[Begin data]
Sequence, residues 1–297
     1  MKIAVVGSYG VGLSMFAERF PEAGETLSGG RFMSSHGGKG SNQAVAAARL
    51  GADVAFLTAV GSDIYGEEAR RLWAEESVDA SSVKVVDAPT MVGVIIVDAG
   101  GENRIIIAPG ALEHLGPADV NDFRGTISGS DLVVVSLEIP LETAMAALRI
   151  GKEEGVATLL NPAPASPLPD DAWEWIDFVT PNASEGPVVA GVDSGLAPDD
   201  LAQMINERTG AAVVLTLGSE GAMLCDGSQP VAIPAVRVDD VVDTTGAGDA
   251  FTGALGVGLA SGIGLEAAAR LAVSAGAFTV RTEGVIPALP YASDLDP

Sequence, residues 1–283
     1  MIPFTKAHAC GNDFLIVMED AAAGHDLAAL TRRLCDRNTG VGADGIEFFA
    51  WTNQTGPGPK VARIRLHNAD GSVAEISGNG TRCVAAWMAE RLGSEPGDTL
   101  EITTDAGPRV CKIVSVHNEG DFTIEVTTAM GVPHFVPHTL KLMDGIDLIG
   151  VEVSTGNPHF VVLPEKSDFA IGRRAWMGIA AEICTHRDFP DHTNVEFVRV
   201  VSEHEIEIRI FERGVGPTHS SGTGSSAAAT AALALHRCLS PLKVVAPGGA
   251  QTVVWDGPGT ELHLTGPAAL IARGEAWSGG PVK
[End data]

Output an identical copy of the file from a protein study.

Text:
Sequence, residues 1–297
     1  MKIAVVGSYG VGLSMFAERF PEAGETLSGG RFMSSHGGKG SNQAVAAARL
    51  GADVAFLTAV GSDIYGEEAR RLWAEESVDA SSVKVVDAPT MVGVIIVDAG
   101  GENRIIIAPG ALEHLGPADV NDFRGTISGS DLVVVSLEIP LETAMAALRI
   151  GKEEGVATLL NPAPASPLPD DAWEWIDFVT PNASEGPVVA GVDSGLAPDD
   201  LAQMINERTG AAVVLTLGSE GAMLCDGSQP VAIPAVRVDD VVDTTGAGDA
   251  FTGALGVGLA SGIGLEAAAR LAVSAGAFTV RTEGVIPALP YASDLDP

Sequence, residues 1–283
     1  MIPFTKAHAC GNDFLIVMED AAAGHDLAAL TRRLCDRNTG VGADGIEFFA
    51  WTNQTGPGPK VARIRLHNAD GSVAEISGNG TRCVAAWMAE RLGSEPGDTL
   101  EITTDAGPRV CKIVSVHNEG DFTIEVTTAM GVPHFVPHTL KLMDGIDLIG
   151  VEVSTGNPHF VVLPEKSDFA IGRRAWMGIA AEICTHRDFP DHTNVEFVRV
   201  VSEHEIEIRI FERGVGPTHS SGTGSSAAAT AALALHRCLS PLKVVAPGGA
   251  QTVVWDGPGT ELHLTGPAAL IARGEAWSGG PVK